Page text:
While the church is one way to meet people, what about meeting other men when you’re not sure of yourself?
|Screenplay By||Michael Donte|
|Date Released (Film Festival – NewFest)||10/13/2022|
|Genre(s)||Romance, Young Adult, LGBT+|
|Content Rating||Not Rated|
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Recently, Shamont joined Malcolm’s family’s church, and while Malcolm originally thought they could just be good friends, there is a shift as he gets closer to Shamont and even sees him in his dreams.
Things To Note
Why Is “The Spirit God Gave Us” Rated Not Rated
- Dialog: Nothing Worth Noting
- Violence: Nothing Worth Noting
- Sexual Content: Nothing Worth Noting
- Miscellaneous: Nothing Worth Noting
Please Note: This character guide is not an exhaustive list of every cast member, and character descriptions may contain what can be considered spoilers.
Fresh from New York and now living with his mother, Shamont joins the church since he was raised in the church. But, despite a religious upbringing, he embraces being a psychic of sorts.
- You May Also Know The Actor From Being: Travis Wolfe in “Pink Opaque” and Carter in “All These Small Moments”
Malcolm is the pastor’s son who finds himself hanging out with Shamont by the river when they aren’t at church together.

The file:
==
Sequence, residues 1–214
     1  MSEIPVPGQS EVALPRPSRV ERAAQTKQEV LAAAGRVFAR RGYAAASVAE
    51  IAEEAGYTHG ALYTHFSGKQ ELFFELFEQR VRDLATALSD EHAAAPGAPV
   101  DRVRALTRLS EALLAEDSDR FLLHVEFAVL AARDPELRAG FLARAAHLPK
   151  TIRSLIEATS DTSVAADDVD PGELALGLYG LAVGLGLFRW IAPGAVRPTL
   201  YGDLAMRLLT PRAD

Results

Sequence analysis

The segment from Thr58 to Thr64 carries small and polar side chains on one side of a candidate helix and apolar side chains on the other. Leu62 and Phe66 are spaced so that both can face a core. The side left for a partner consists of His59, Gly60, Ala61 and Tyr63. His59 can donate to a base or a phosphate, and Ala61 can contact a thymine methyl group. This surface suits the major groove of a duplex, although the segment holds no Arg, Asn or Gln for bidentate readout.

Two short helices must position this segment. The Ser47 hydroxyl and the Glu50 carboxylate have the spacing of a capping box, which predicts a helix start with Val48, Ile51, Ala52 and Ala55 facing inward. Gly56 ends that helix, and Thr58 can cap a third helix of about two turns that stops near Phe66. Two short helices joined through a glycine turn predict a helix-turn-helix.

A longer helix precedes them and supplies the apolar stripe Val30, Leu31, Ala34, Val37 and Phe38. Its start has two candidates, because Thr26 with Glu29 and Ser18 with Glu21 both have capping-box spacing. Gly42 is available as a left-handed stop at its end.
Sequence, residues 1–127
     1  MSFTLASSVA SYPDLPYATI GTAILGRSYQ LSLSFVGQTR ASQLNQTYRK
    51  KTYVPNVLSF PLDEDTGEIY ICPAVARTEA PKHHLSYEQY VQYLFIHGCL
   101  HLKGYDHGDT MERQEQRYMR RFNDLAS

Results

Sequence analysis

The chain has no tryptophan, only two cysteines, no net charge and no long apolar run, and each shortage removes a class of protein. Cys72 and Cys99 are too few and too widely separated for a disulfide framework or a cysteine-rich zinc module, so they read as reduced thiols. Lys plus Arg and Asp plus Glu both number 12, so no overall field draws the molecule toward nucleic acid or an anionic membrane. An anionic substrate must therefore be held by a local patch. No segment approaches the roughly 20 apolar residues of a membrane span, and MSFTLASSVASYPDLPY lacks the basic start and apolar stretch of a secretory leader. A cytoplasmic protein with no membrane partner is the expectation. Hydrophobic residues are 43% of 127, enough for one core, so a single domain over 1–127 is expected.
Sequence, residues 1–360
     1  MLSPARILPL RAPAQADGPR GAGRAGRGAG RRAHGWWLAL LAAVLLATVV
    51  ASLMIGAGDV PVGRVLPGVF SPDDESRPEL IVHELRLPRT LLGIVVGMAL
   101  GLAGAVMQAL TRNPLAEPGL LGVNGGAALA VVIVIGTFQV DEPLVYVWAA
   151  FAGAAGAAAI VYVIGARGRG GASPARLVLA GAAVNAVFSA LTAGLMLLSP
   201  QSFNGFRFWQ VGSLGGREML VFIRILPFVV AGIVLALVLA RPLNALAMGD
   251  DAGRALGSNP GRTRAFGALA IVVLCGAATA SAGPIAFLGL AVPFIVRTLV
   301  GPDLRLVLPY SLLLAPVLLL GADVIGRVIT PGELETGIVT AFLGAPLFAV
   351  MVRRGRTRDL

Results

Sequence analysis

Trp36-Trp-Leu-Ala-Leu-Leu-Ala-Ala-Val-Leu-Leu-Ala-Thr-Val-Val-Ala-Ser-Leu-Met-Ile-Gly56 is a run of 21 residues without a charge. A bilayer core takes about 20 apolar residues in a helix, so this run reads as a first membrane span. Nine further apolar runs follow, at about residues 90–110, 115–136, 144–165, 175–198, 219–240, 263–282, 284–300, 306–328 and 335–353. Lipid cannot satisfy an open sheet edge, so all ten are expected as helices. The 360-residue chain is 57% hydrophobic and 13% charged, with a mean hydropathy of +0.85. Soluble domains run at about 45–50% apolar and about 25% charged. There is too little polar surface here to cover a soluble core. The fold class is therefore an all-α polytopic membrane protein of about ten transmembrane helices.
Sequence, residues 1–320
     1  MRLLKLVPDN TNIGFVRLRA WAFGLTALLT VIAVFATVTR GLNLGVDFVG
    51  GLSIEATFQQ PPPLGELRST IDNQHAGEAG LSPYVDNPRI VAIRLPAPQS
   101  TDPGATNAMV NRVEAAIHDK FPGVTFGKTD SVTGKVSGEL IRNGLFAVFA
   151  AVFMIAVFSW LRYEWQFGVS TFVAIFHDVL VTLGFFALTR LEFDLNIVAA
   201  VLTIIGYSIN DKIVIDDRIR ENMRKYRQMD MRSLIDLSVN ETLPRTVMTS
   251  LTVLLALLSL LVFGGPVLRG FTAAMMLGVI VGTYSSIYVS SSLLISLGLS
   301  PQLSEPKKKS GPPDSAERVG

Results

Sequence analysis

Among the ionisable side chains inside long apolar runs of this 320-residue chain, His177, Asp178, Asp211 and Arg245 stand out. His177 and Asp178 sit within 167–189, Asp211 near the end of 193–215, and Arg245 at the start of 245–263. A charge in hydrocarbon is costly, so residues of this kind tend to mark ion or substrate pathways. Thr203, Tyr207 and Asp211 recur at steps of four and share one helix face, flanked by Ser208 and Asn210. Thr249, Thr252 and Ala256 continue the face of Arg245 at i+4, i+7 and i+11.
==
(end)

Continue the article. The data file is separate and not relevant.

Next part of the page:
- You May Also Know The Actor From Being: Micah West in “Queen Sugar”
Our Rating: Mixed (Divisive)
On The Fence
It Doesn’t Explore The Expected
“The Spirit God Gave Us” begins and ends with Malcolm trying to navigate his feelings. It doesn’t try to address why his feelings are complicated or what his father, the pastor, may think, so while we’re given all the signs he is anxious, it isn’t clear what is making him so fearful.
Granted, who knows if Malcolm’s dad, or the church community, would accept him, but that is something left for the audience to question and potentially assume. And beyond that, it isn’t like Shamont comes out. Yes, if you go by stereotypes, you can take note of his voice and wonder, but that in itself is a problematic plot for another movie or short.
But, as for “The Spirit God Gave Us,” while you have to appreciate Malcolm’s anxiety, unfortunately, even with nearly twenty minutes to explore Malcolm’s feelings, we get more style than substance.